Peccaries give birth to relatively few young - from one to three, but usually twins - which are well developed and able to run around soon after birth. This contrasts with true pigs, which give birth to large litters of helpless young.
Another difference between true pigs and peccaries is that the latter uses scent to maintain herd cohesion and to mark herd territories. Peccaries have large scent glands on their backs towards their rumps from which they secrete an oily musk with a strong, pungent smell. Very often it is their smell, described as skunk-like, that initially alerts one to the presence of peccaries.
Peccaries, like true pigs, belong to the order Artiodactyla, the even-toed ungulates. They share a common ancestry, therefore, with herbivorous mammals such as deer, goats, sheep, antelope, camels, and cattle. However, peccaries, and true pigs, show an evolutionary tendency toward carnivory. Indeed, up until about 10 million years ago a huge, one-ton, predatory pig terrorized the plains of North America.
The diet of white-lipped peccaries is varied, and includes seeds, nuts, fruit, roots, and vegetation. They will also eat carrion, and live animals such as insects and their grubs, and even snakes. Their powerful jaws make them the only herbivorous mammals able to exploit the hard nuts of the raphia palm, a particularly favored food source for white-lipped peccaries.
White-lipped and collared peccaries exist side-by-side throughout much of their range, and they may easily be confused with one another. The two species differ in size - up to 75 lb and 22 inches at the shoulder for the white-lipped peccary, and 45 lb and 18 inches for the collared peccary - but unless seen together for comparison, size may not be a reliable means of distinguishing the species. Herd size and/or coloration are more reliable distinguishing characteristics: white-lipped peccaries forage in large herds, rarely less than 20 individuals and usually many more. The fur on the cheek and lower jaw of this species is cream/white. Collared peccaries, in contrast, forage in much smaller herds, usually less than 10, and rarely more than 15 individuals. While their grizzled, dark gray/brown coloration is similar to the former species, the collared peccary lacks the white chin patch. Although not always noticeable in the field, the collared peccary has a cream-colored collar running from its shoulder to its chest.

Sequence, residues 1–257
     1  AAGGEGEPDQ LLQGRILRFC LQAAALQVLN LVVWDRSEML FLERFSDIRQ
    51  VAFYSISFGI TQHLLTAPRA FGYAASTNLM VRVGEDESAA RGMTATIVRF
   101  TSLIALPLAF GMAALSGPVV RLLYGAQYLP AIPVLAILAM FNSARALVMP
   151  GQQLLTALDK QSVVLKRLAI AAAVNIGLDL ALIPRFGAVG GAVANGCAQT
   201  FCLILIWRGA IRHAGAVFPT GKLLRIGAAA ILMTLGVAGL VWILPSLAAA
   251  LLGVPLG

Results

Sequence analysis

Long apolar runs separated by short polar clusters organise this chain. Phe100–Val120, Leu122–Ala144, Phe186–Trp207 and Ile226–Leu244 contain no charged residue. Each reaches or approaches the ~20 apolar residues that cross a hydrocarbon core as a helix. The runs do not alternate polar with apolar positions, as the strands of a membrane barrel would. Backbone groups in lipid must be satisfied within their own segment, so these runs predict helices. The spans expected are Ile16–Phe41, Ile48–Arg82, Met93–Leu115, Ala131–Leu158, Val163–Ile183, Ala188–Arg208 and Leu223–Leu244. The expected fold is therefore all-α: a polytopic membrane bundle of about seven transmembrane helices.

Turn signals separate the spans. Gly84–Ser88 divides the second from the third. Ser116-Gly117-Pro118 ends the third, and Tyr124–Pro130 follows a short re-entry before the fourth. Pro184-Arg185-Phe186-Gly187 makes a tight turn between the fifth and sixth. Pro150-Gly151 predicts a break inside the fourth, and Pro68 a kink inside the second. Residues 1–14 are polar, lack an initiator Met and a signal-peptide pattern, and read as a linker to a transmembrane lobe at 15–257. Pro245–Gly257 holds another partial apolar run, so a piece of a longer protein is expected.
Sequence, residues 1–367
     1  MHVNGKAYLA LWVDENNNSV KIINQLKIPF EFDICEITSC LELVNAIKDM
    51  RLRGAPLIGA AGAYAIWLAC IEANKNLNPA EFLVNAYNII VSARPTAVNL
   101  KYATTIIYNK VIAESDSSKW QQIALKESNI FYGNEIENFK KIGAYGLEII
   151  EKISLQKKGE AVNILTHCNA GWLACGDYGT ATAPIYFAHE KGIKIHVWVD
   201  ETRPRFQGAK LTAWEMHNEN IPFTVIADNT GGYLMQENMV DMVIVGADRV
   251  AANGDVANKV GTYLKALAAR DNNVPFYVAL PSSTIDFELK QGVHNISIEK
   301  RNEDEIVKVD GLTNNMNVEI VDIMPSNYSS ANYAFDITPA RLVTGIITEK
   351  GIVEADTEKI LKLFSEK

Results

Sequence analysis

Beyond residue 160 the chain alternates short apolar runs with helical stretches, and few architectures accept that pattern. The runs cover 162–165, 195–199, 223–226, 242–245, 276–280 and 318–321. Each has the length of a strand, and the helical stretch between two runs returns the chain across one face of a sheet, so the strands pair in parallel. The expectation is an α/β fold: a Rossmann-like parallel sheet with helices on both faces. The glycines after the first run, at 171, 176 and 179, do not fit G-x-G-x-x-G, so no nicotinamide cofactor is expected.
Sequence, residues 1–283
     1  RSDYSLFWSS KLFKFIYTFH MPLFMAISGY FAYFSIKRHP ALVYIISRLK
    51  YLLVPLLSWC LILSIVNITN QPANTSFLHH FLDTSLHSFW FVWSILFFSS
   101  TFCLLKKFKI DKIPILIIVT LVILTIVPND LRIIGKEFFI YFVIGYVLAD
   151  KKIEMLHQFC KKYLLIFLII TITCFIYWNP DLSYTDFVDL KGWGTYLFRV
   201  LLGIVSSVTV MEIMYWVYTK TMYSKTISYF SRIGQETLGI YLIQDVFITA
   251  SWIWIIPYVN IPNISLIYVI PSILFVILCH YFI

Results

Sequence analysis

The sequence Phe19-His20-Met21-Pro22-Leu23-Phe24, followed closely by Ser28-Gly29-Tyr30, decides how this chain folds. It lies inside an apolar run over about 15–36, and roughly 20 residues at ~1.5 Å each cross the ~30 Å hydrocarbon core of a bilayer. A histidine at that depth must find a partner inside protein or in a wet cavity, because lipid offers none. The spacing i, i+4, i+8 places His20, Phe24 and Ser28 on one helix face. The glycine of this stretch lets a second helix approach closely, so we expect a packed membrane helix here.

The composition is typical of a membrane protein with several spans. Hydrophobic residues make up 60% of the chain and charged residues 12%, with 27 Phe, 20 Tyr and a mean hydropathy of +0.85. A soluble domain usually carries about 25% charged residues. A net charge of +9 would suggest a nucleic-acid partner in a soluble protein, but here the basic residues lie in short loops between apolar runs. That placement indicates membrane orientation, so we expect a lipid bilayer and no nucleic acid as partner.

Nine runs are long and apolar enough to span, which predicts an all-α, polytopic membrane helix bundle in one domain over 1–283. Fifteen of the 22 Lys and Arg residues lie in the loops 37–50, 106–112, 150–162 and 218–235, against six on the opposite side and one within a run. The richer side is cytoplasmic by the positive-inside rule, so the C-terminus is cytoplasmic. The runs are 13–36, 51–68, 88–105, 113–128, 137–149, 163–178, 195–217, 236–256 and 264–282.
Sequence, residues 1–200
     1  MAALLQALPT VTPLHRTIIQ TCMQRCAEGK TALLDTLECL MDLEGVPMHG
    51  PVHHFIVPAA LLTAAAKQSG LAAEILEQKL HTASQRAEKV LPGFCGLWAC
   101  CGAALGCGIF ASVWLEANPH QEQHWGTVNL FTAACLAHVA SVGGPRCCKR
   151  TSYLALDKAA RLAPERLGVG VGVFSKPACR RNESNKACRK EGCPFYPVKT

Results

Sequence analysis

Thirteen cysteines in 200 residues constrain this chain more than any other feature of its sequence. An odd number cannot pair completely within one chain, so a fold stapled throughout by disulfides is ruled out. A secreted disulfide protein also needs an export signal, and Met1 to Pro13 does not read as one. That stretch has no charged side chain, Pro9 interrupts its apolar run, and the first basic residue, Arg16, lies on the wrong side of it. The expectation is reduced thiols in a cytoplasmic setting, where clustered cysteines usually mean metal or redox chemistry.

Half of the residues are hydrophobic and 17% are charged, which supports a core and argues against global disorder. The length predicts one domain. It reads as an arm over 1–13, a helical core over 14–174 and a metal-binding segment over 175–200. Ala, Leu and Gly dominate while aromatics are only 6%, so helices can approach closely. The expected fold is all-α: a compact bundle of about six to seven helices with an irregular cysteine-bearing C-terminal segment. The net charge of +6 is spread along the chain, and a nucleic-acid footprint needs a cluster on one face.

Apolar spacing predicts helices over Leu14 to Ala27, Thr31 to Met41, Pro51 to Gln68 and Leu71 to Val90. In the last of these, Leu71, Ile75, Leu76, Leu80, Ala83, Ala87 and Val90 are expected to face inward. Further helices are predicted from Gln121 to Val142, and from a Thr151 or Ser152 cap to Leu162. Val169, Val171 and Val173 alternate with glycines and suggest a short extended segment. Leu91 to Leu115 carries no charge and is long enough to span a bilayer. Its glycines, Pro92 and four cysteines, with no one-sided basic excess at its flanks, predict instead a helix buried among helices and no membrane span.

White-lipped peccaries are placed by the Convention on International Trade of Endangered Species (CITES) in appendix II - threatened! Because of their narrow habitat preference - undisturbed primary rainforest - white-lipped peccaries are particularly vulnerable to habitat destruction. As a result of widespread deforestation, populations of white-lipped peccaries in Central America have become fractionated, and reproductively isolated. And, as if this is not bad enough, these peccaries are great to eat and mercilessly hunted. In fact, it is hunting that threatens the still sizable herds of white-lipped peccaries in Corcovado National Park - the largest population of the specie left in Costa Rica.
Mike Boston is a biologist, wilderness expedition guide, and the president of Osa Aventura. You can contact him at at firstname.lastname@example.org